Cazzie Reyes is a Researcher for the National Underground Railroad Freedom Center's Anti-Trafficking Programs. She graduated from Bradley University with a Bachelor's degree in International Studies and a minor in Women's Studies.
“In 2010, you know the earthquake [happened]. And my mom was dead. So, I was in a camp of men and women, and they took care of me. And then I met a woman named Anna. She was with the organization IOM (International Organization for Migration), and she helped me to have a better life…to meet someone to [sic] the foundation. So, I come there.”
On January 12, 2010 a 7.0 magnitude earthquake shook Haiti, claiming at least 230,000 lives and injuring 300,000 people. The natural disaster brought international attention to the small Caribbean country and gave wider exposure to the restavek system, a traditional practice perpetuated by poverty that forces children into domestic servitude. Typically, poorer families give their children to wealthier families because they cannot provide for them or hope that more affluent families will send their children to school. In the aftermath of the earthquake, many children lost family members or were abandoned and sent toorphanages. Debilitated by the earthquake’s aftershocks, Haitian officials were unable to wholly address the crisis faced by displaced children. Coupled with a lack of children’s rights/protections and the normalization of child servitude, children became highly vulnerable to traffickers wanting to sell them into the restavek system.
Rose, now 18 years old, was able to leave that system and is currently going to school.
“I’m in eighth grade. [Today] they were talking about the body. How to sit well, to not deform your bones.”
Rose has five years of school left before completing her secondary education, and she hopes to continue in higher education.
“Yeah, [my favorite subject] it’s science. Yes, I would like to go to university. I would like to study science manager and then a little bit of psychology. For the psychology, I would like to help the children that are traumatized. What motivates me to go to school is that without education, you can be nothing. Like you can’t work. You can’t do anything. I would like to change Haiti…to participate in developing Haiti.”
Even before the earthquake, Haiti had low literacy and school attendance rates. Only about 50% of school-aged children were enrolled in school. The earthquake further devastated the education system as nearly half the schools were damaged or destroyed. International, government, faith-based, private as well as non-profit organizations brought in – and continue to refine – programs meant to address the education gap while also providing necessary goods and holistic services.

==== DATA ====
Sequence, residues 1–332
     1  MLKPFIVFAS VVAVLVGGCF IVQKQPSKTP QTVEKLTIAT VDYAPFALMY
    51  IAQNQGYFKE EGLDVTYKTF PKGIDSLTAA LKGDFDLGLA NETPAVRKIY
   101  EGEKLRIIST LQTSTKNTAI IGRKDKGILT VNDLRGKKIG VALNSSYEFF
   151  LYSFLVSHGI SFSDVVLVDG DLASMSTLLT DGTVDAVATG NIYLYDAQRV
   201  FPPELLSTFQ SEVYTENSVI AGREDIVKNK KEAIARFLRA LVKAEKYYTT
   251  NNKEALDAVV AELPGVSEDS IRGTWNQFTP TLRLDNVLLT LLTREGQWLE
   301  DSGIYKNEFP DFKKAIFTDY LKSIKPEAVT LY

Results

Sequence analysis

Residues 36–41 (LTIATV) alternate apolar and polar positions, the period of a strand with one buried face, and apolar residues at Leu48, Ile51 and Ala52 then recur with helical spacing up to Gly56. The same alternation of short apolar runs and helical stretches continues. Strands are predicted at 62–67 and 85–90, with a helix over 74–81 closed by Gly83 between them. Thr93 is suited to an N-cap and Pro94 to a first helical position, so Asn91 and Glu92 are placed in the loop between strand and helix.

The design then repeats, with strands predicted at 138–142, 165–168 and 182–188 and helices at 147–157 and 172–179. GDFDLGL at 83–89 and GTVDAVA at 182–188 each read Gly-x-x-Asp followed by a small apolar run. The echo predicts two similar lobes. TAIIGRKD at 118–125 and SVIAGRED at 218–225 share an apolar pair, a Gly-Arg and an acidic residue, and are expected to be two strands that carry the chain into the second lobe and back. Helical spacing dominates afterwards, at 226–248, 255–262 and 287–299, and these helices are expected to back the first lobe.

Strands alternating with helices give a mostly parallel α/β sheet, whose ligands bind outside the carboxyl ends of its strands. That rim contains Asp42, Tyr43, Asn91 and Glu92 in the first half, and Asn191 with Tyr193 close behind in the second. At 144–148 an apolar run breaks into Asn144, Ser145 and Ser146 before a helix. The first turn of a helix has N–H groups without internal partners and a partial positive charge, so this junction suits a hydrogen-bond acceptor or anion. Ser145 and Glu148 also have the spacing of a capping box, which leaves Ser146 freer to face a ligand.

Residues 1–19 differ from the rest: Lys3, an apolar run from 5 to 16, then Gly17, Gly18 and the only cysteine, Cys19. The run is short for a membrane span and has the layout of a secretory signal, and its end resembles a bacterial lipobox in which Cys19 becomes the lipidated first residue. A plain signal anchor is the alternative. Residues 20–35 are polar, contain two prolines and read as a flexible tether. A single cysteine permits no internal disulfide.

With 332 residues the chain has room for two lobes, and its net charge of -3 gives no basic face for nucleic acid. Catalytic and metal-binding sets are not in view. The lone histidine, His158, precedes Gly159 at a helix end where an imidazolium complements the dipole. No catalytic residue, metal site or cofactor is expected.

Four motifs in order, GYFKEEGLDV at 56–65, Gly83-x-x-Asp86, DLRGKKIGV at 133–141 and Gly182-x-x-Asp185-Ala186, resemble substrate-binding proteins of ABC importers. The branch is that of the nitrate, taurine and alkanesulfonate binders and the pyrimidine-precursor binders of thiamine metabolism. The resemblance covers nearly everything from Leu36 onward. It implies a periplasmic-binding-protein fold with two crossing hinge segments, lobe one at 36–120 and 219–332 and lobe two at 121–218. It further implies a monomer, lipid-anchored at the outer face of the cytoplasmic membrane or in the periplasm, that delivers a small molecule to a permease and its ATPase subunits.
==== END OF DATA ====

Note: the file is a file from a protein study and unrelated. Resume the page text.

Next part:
It’s been three years since the IOM connected Rose to Restavek Freedom; in addition to continuing her education, Rose has had the safe space she needed to build social relationships with the adults and children in her community.
“My life has very changed because they teach me how to love people, how to be like in the society. They teach me a lot of things that I did not know before.”
Reflecting on friendship and family, Rose says, “Friendship means like, for me, when you have someone who is really your friend. This person help [sic] you when you are going through trouble. This person, they are here for you just to help you, to encourage, to give advice, to go forward. [Family means] a lot of things…they give you advice. They make you go to the good path, to go to the way of the future. They help you to not do the bad choice. I think family is a protector.”
The restavek system robs children of friendship and family and keeps the children in a cycle of poverty, physical exploitation and emotional abuse. Rose knows too well the harsh realities that restavek children live through but still believes a better world is possible.
“Freedom, for me, means life. Because when someone is enslaved, even though this person is living…but, otherwise, he is not living. The person cannot do everything he wants, everything that he likes to see. When the person is free, you can see this person smiling, this person sharing, treat[ing] people good. I would like to say to people to treat the children really good and to treat the people really good. To treat the kids really good, send them to school. Make them take the good direction…accepting Jesus. The children is [sic] the future. That’s all.”
The latest issue of the Atlantic focuses on the story of a women enslaved in an American household written by Pulitzer Prize winning journalist Alex Tizon.
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